Adding Efficiency, Cost Control to Vegetation Management Programs

June 10, 2011
South Kentucky Rural Electric Cooperative Corporation gets longer-lasting brush control and greater efficiencies with herbicide treatments.

Controlling problem brush and weed species in power line rights of way not only keeps power flowing safely and smoothly to customers, it’s also required for compliance with current reliability standards. As utility companies throughout the country search for the right vegetation management program, South Kentucky Rural Electric Cooperative Corporation (RECC) developed an efficient, effective approach to provide reliable power and meet regulations.

“It’s a challenge to get everything under control,” says Paul Merrick, RECC team leader. “We have to manage the ground brush and the limbs that approach power line sites.”

Herbicides Extend Control

Sizing Up Weed-Control Methods
Longer control Immediate results Fewer passes No drift concerns Lower labor costs No resistance issues Less fuel use Selective weed control Reduced soil erosion Using herbicides to control brush can add a year or more to the window of control compared to bush hogging, Merrick says. “Controlling brushy, stem-type species, while allowing the grasses and wildflowers to come back, allows us to use less herbicide, cover more ground and spend more time side trimming. Compared to bush hogging, a herbicide program has the potential to reduce operating costs by 30 to 50 percent.”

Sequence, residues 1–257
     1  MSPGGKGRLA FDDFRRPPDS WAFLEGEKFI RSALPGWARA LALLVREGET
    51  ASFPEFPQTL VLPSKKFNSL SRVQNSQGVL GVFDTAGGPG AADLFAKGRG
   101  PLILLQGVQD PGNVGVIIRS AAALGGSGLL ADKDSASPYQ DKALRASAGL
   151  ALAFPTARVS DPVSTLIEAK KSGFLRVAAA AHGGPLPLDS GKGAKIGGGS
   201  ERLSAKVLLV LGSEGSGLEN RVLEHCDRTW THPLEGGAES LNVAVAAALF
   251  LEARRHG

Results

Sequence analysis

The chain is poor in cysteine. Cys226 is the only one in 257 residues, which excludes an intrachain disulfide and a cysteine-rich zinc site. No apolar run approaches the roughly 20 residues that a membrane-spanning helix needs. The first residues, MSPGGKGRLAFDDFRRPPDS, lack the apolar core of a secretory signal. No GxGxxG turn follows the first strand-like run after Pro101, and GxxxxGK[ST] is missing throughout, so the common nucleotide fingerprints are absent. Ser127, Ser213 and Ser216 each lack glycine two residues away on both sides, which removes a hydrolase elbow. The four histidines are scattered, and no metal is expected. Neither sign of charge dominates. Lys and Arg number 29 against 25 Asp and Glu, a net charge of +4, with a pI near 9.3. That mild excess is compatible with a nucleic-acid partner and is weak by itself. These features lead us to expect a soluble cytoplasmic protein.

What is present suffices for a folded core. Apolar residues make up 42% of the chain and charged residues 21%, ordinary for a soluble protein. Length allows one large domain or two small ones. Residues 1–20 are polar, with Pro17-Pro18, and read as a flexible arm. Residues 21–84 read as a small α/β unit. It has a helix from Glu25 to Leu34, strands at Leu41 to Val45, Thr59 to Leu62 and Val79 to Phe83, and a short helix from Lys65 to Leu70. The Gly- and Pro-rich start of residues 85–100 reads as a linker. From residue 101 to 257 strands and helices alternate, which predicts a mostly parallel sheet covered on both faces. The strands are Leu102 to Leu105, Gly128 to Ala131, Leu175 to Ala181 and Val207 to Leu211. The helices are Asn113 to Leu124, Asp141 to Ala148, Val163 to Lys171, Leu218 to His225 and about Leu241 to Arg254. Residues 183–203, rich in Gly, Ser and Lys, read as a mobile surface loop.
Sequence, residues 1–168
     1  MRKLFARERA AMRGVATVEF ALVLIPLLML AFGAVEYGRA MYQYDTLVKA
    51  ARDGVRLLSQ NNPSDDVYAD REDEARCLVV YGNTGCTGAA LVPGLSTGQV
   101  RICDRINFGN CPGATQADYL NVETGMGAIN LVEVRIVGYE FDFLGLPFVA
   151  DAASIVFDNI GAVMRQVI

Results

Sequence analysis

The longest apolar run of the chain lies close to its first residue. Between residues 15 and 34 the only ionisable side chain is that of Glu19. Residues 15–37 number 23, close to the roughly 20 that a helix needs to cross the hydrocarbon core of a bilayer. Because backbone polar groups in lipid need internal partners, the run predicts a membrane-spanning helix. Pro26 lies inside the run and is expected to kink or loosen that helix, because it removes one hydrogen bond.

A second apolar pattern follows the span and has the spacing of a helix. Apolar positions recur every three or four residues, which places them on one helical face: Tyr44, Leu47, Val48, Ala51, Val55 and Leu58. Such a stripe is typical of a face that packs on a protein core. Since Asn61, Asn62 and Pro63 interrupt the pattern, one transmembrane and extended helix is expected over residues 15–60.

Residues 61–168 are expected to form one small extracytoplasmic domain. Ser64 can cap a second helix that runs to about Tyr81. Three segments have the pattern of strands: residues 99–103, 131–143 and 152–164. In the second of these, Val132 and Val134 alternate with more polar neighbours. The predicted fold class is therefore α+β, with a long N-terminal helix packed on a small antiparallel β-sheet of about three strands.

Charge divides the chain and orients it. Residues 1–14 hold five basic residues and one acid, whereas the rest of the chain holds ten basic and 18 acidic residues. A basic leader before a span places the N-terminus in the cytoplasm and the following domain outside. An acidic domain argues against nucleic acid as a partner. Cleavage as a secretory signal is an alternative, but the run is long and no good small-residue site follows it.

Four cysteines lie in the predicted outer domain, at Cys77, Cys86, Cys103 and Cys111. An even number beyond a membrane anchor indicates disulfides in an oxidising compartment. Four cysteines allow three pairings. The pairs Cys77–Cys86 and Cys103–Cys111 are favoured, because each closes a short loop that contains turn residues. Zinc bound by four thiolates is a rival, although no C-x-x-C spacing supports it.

An effective herbicide not only extends time between applications, but also reduces the number of stems that must be controlled, explains Merrick. “For example, on the initial application, you may have 100 stems in an area; the second time around you may only have 20 to 30. Your control cost decreases because you are applying less product and your right of way is opened up, making maintenance easier. You cut costs by using less product, and you save time and labor.”

Environmental Benefits

Environmental safety is also important, adds Merrick. “Another benefit of using herbicides instead of mowing is protecting soil from erosion. Mowing in wet conditions can make ruts, which start to wash away the soil.

“By controlling vegetation in rights of way,” he says, “we ensure smooth power delivery, create areas that are pleasing to the eye and help provide feeding places and homes for wildlife to thrive.”

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